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Medical Professionals Need Better Communication Technology Survey Finds

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The health care industry is currently undergoing one of the largest technological revolutions of any sector today. Doctors and patients alike are benefiting from the creation of electronic health records, big data initiatives and online health care portals. Not only are these new processes improving efficiency and productivity, they are also increasing the effectiveness of treatment and making health care better for all.

However, the medical is ailing when it comes to effective communication. A recent survey by PerfectServe revealed that a large number of medical professionals are not satisfied with the technology their organization uses for secure communication.

According to the study, which included responses from nearly 1,000 providers, 30 percent of health care workers weren't happy with the communication technology being employed by their company. A vast majority (96 percent) said inefficient communication is a barrier to effective population health management. The professionals included in the survey covered a wide variety of positions, including primary care physicians, office managers, nurses and case managers.

Lack of Effective Communication Makes Clinician's Jobs more Difficult

A majority of clinicians said a lack of newer, secure communication tools make their jobs more difficult. An estimated 69 percent of clinicians admitted to experiencing  delays in patient care while waiting to receive important information about the patient. So it's no surprise that of those medical professionals who weren't happy with their organization's communication technology, more than two-thirds said their dissatisfaction was caused by different departments within the company using different technologies. Another 55 percent of respondents said that the problem was compounded by the fact that not all members of each team had access to the same technology.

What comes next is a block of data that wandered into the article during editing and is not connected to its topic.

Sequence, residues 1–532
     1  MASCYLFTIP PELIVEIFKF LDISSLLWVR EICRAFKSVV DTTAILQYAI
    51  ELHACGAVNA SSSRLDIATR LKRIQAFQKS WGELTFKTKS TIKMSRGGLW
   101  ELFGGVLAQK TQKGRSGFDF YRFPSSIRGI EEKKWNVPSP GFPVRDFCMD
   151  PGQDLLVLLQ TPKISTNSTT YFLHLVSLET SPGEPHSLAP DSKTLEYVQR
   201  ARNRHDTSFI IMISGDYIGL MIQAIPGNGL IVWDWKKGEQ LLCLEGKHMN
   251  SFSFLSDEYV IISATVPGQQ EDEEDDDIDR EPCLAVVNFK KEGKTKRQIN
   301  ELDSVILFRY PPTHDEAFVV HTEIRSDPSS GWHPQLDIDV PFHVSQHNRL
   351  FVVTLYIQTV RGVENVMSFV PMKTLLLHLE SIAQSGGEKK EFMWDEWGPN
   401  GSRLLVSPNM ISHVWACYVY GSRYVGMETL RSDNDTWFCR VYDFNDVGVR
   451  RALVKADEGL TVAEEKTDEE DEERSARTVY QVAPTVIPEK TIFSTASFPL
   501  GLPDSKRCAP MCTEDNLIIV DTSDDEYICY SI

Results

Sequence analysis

According to the report, the most common form of communication used by the health care providers to contact patients was a phone call, with 83 percent of survey participants citing this has the main communication tool used in the office. Nearly three-quarters of respondents said they also used online portals to communicate with their patients. As for the communication technology used, 39 percent said they used telemedicine, 36 percent used video conferencing, 32 percent used remote monitoring, 32 percent used mobile care team communications and 31 percent said they used remote consults.

Clearly hospital workers are gaining some sort of benefit from these forms of communication, but something more could be done to improve effectiveness and functionality. To address these needs, health care organizations are moving toward adopting streamlined forms of communication that integrate new tools like SMS or instant messaging into traditional solutions like phone calls and email. Communication that is simpler and to the point is always more valuable and a growing number of companies are making the switch to unified communication solutions as they realize the benefits of an integrated, streamlined approach.